Many American parents aren’t happy with where their kids attend school, and what they learn there.
While the vast majority – eighty-five percent – of families send their children to public schools, only a third would continue doing so if they had the wherewithal to send them elsewhere, according to a survey from Gallup. That means millions of American students are not in the right learning environment for their specific needs, goals, and strengths.
School choice programs, like education savings accounts, tax credit scholarships, and vouchers, have mostly been aimed at the low-income, urban demographic worst-served by the current system. But the large mismatch between parents’ needs and the educations their children are getting in our one-size-fits-all system suggests a broader approach is warranted. All students, whether they leave or remain in their assigned public schools, can benefit from the empowering leverage and competitive effects of educational freedom.
In a new Policy Focus, I lay out some of the evidence for those benefits in more detail, as well as the differences between program types and some policy lessons from the dozens of states that have implemented some type of private school choice.
Studies overwhelmingly show academic improvement among both students utilizing school choice and those who stay enrolled in public schools. But moderate test score gains pale in comparison to the community impact from more satisfied, involved families, lower crime rates among students, and increased measures of civic practice.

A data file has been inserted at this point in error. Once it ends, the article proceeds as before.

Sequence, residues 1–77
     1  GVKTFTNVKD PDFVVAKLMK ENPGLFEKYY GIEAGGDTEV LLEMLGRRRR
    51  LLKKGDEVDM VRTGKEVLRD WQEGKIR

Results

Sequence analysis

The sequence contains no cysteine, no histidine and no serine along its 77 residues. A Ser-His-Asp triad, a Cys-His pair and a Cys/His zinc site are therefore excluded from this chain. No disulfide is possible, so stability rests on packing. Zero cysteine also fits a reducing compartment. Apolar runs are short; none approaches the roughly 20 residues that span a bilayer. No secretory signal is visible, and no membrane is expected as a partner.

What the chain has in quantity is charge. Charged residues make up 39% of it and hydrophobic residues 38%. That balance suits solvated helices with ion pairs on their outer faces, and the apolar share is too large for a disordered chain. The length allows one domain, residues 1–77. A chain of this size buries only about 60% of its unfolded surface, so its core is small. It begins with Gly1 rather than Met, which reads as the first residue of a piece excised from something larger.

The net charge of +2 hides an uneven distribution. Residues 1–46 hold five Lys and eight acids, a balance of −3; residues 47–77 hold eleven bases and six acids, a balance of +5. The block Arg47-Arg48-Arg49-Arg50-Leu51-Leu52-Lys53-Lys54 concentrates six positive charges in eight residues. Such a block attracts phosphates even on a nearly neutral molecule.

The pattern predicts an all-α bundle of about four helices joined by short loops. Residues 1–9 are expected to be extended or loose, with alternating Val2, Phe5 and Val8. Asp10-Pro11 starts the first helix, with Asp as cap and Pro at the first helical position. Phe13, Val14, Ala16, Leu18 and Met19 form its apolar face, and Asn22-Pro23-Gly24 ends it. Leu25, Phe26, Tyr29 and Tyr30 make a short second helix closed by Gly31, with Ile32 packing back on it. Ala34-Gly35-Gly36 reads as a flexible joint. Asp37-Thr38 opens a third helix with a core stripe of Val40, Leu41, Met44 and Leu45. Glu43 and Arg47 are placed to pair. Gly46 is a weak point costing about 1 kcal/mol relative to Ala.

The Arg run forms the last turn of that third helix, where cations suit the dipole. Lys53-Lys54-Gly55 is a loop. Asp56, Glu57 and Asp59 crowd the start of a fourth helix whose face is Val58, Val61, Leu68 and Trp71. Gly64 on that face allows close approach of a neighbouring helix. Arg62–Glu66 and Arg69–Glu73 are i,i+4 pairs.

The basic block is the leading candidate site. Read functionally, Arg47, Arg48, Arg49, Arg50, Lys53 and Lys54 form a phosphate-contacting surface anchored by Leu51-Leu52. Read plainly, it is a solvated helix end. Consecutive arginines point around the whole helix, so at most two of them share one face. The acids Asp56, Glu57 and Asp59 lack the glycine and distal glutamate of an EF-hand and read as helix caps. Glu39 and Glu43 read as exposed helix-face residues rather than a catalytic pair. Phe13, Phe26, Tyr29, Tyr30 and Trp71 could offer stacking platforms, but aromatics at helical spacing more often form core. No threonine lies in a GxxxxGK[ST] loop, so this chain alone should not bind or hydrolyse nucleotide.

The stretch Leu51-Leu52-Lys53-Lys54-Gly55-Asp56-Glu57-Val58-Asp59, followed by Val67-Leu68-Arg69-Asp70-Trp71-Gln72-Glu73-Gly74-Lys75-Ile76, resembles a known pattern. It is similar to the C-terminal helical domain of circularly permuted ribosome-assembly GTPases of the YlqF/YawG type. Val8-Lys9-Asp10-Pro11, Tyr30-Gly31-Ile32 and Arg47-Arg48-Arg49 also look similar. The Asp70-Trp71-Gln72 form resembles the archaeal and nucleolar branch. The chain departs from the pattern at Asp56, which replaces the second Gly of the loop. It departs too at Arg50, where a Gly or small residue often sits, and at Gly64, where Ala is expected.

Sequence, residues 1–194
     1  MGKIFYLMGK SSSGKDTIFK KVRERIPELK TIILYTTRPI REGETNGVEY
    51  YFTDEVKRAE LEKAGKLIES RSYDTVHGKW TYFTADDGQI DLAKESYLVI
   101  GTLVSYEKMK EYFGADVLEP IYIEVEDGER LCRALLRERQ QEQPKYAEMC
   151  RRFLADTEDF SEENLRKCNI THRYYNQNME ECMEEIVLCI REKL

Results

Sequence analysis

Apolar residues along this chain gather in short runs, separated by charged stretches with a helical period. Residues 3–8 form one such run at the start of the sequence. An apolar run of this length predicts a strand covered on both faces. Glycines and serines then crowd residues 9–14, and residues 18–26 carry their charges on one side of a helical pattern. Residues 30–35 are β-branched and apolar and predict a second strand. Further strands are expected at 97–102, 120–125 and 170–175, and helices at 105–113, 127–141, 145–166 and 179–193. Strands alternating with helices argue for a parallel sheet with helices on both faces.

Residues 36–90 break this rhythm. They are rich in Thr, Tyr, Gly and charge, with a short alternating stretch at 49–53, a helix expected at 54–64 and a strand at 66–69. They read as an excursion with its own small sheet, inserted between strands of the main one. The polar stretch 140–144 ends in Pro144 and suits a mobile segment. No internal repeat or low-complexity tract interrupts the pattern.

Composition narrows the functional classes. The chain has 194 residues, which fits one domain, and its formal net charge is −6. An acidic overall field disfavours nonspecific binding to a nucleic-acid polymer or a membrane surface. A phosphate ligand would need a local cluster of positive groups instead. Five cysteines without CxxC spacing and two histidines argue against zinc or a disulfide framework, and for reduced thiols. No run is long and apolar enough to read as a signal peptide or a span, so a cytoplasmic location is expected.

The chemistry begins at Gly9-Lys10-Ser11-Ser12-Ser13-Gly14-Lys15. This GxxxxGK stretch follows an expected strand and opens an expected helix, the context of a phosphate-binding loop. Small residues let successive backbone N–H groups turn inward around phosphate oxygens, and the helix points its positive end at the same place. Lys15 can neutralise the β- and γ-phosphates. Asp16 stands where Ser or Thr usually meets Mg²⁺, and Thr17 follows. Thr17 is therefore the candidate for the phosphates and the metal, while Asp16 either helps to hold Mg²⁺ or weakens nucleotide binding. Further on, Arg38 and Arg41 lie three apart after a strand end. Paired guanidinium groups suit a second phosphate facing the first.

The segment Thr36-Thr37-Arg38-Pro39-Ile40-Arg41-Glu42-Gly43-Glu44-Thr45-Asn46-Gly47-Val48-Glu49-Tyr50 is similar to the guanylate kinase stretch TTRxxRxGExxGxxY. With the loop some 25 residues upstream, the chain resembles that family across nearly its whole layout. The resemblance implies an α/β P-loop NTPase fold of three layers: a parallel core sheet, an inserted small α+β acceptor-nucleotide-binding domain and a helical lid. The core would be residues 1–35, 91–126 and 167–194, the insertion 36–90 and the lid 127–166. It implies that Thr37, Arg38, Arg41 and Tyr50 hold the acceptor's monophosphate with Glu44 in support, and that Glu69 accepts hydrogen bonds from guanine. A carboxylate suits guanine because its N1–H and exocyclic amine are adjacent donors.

For example, University of Arkansas researchers examined the criminal records of students who had gone through the Milwaukee voucher program and grown up into young adults. Among those who had the opportunity to use the voucher to attend private schools, felony convictions were lower than matched public school students by an overwhelming 79 percent. Drug crime and theft convictions were down by 93 and 87 percent, respectively. These kinds of results don’t just alter the trajectory of a kid’s future; they change families and transform neighborhoods.
Standardized testing and government compliance as a form of accountability has its place for evaluating systems from the 10,000-foot level, but it can never hope to compete with what parents know is working for their child. The evidence overwhelmingly points to the common sense truth that parents and families know better than faraway bureaucrats.
In an era when the cultural fabric of our diverse republic seems to be fraying at the seams, educational freedom provides the flexibility, family-centered decision making, and practice in self-government that may help rebuild our civic culture and civil society. It’s time to implement broad school choice so that every American student has the opportunity to be the best learner and citizen he or she can be.